My Problem with Grammarly

When I want to hear to my favorite tunes, I web jet to YouTube on the computer, or open Spotify or Amazon Music when going “mobile” (I don’t pay for music often because I’m a product of the Napster Revolution).

Several times during a listening session, without fail, I’m interrupted by these increasingly annoying Grammarly ads. If you haven’t had the pleasure … check them out. Their formula: A seemingly smart person acting like a total dope is tasked with forming a logical and coherent sentence for a dissertation, an email, best man’s speech, school essay, etc. Ya know, regular stuff any person could write in their daily lives. Insert Grammarly as their tool to help them craft the words.

My problem is not with the ads themselves, which are somewhat clever and cute given the product its trying to sell. My problem is with the product, which is described as a “writing enhancement software” (double ugh).

A Different World, but Not Everything

Oh, the glories of our on-demand culture. At any point in time, I can click on my phone, computer, tablet, or TV and watch shows, pay bills, chat with friends, order clothes from Uganda, send business or personal correspondence (electronic mail or e-mail), or watch “six packs of … soda, if I want” (if you don’t understand the loose use of this Tommy Boy reference, then I can’t help you).

Normally, I applaud lovely tools that Silicon Valley throws in our faces. But there’s something about creating an app-dependency for a basic human skill that I find egregious … for several reasons.

We’ve all trudged through “writer’s block” slogs before, wishing we had some rocket word boots to lift us free into creativity heaven. A messianic magical word that breaks the curse of this blockage, and opens the flood gates to a well-oiled writing machine on the keyboard, typewriter, or pen.

But, the cheap way out, a la “writing enhancement software,” isn’t a way to become a better writer. It’s a way to find dependence on a grammar/writing plug-in, and not give a damn about the rules, the why, and the how.

Usage of this program demonstrates a willing disregard for any care whatsoever to know and understand the constructs of our language. You’ve essentially given up and said, “well, Grammarly will fix it” or “I just need a little help.” Then LEARN. There are countless resources on writing for whatever type of communication you want to employ. Pick up Elements of Style by E.B. White, one of a few “bibles” on modern-day writing. It clearly demonstrates topics and usage tips, all which will make you a better writer.

Why have we decided to stop being students of this life, including oral and written communication? Related to the on-demand culture is its uglier cousin – social media language use. And I’m not f*cking talking about cursing. I’m talking about the LOLs, TTYLs, SMHs, IMOs, luvs, selfies, and countless misspells (shaking my head – like, always). We have stripped our language of its colorful valor, leaving it in total ruin as a shell of its former self.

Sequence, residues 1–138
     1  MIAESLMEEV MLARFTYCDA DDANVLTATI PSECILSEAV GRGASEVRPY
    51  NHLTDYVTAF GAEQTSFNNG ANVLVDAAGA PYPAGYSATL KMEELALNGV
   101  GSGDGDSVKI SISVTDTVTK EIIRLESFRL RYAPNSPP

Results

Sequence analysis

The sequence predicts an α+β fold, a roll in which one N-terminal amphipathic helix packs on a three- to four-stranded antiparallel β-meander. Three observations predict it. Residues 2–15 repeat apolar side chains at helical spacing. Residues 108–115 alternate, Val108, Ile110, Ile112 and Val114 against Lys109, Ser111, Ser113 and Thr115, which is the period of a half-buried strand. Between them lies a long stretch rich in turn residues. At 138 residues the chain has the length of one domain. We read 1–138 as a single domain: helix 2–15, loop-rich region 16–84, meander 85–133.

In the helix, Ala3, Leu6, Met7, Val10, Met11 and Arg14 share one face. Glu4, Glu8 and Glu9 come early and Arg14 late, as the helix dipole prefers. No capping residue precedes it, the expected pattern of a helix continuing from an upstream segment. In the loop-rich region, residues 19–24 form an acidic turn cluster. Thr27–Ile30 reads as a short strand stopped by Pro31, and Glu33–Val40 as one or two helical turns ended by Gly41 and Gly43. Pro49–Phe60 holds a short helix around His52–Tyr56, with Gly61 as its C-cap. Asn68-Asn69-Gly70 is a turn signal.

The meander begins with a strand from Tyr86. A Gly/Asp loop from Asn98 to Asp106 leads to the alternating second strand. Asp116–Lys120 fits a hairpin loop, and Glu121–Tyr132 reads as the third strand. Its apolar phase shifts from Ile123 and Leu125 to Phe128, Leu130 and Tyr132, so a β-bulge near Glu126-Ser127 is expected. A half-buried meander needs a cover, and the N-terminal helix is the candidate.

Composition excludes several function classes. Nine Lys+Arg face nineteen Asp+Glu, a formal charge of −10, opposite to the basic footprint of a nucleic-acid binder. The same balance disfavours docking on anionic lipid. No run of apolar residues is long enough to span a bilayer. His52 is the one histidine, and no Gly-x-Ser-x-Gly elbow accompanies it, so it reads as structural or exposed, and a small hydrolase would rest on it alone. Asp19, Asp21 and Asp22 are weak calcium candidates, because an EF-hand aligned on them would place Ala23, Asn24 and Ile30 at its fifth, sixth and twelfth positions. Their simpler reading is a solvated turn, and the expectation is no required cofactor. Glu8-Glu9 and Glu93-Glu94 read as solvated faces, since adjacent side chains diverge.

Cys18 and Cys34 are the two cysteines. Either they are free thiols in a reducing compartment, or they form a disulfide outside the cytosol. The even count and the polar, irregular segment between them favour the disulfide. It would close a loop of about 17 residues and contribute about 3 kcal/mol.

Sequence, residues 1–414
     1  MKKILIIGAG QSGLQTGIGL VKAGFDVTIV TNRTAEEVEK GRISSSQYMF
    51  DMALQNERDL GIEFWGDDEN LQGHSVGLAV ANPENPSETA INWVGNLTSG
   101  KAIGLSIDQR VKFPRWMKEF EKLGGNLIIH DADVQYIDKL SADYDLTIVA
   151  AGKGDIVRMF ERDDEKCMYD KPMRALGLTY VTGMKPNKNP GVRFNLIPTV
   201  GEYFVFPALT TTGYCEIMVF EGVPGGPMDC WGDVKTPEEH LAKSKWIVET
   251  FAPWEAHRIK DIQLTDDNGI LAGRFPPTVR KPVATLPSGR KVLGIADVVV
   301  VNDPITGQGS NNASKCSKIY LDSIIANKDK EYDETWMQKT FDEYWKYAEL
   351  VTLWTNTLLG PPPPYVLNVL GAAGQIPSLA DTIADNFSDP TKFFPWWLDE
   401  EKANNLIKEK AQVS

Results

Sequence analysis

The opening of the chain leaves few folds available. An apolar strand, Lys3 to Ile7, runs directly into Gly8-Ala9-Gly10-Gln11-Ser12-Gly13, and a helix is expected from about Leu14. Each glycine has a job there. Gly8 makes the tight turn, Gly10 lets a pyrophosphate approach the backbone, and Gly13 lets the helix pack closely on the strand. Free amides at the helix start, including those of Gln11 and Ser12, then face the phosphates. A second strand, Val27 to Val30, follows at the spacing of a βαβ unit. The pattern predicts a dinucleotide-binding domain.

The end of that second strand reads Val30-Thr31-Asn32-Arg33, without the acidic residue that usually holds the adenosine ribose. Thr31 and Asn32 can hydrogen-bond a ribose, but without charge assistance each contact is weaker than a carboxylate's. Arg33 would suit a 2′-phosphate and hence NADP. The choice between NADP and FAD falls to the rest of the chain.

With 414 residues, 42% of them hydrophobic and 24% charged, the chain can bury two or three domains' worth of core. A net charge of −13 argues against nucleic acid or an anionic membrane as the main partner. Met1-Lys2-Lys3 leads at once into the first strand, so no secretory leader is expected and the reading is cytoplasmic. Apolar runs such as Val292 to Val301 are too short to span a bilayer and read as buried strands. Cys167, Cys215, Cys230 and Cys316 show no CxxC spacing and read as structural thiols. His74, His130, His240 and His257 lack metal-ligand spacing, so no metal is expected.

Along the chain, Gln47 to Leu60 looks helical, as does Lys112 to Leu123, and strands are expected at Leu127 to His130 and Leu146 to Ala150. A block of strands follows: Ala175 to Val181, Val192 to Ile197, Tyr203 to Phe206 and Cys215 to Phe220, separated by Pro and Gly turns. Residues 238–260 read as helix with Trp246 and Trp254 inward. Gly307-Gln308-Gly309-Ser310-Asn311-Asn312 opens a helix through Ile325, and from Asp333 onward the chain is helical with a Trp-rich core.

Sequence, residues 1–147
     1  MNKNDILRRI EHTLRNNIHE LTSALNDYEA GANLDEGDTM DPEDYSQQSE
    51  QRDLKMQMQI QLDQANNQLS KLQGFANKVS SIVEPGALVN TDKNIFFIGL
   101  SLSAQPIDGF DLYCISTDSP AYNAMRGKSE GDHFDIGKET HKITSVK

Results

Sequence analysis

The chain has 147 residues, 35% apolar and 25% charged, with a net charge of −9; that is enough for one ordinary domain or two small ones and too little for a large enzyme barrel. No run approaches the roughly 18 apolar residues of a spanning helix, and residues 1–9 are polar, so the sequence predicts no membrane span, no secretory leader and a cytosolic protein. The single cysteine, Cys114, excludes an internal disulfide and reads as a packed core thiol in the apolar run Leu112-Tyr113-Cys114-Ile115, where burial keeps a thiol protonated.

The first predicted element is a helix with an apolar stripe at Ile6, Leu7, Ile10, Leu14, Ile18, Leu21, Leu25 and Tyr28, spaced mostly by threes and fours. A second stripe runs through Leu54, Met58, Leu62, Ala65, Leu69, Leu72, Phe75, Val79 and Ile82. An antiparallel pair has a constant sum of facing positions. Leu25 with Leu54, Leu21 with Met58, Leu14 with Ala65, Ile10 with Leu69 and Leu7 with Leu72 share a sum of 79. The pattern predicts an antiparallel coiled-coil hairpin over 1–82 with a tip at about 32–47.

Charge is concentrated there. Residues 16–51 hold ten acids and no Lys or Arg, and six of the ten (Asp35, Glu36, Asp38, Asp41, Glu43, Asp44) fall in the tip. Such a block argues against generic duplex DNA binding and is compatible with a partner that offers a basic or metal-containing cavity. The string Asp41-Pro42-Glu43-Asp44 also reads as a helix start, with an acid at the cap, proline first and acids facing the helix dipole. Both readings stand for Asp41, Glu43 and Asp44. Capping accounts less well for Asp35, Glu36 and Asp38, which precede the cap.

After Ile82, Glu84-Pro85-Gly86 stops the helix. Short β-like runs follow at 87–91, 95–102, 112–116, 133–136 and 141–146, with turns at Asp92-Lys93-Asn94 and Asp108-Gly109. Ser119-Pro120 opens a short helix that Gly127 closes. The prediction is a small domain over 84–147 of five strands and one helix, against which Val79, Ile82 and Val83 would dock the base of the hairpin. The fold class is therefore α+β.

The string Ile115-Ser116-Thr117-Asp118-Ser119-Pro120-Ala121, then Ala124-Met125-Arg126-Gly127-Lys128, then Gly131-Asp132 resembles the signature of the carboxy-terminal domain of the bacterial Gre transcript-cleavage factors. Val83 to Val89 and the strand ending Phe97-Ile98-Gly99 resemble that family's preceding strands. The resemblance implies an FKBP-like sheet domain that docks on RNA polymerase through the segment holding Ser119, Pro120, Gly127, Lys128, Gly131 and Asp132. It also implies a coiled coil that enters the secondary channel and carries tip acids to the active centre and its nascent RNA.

Find your English teachers on Facebook and berate them with a litany of acronyms and idioms he/she won’t understand, while misusing the word “literally,” abusing the poor art of passive tense, overusing the word “like,” and conjugating your verbs incorrectly.

Age Old Wisdom (from a comedian & Jedi)

George Carlin had an impressionable notion from one of his routines, “The quality of our ideas are only as good as the quality of our language.”

And Jedi Master Qui-Gon Jinn offered this commentary to Jar Jar Binks (beloved character of the Star Wars franchise) in Star Wars, Episode I: A Phantom Menace, “The ability to speak does not make you intelligent.”

To that I’d say, creative, expressive, and innovative writing stems from mountains of hard work, constructed and climbed by greats of the penning craft. Simply writing “right” isn’t enough when communicating your ideas and opinions. Learning the craft goes beyond having words. An appropriate construction shows a painting, illustrating its depth, profundity, and merit. Shouldn’t that be the aim?

To further link the two quotations: what good is a groundbreaking or world-changing idea if we can’t share it with articulation and intelligence? Therefore, shouldn’t your knowledge and usage of the language in which you share ideas be as expert as the topic of that groundbreaking or world-changing idea?

“In Conclusion”

Now, Grammarly is a clever idea, as I noted earlier. Seems like a useful tool that a lot of people use, right? I’m sure users describe it as a godsend when they were in a pinch. But what does the future of your writing look like if you use it as a crutch?

I know I’m asking people to work a little harder, but the harder you work at writing, the more naturally it becomes. The words flow, ideas spring forth like water from a geyser, and “writer’s block” becomes a euphemism for “laziness” because you’ve equipped yourself with a hammer to bash through the b.s.

One more quote because I love quotes. From Tom Hanks, “If it wasn’t hard, everyone would do it. It’s the hard that makes it great.” Be great.

Write on, my friends. And please don’t use Grammarly unless you really, really have to.

 

DISCLAIMER: I’m sure there are grammatical mistakes in this blog. I’ll learn from them and become a better writer for it.

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    I found this article to be great advice for people in startups or in business type roles which would be more useful on how to blog. Thanks for posting this up!

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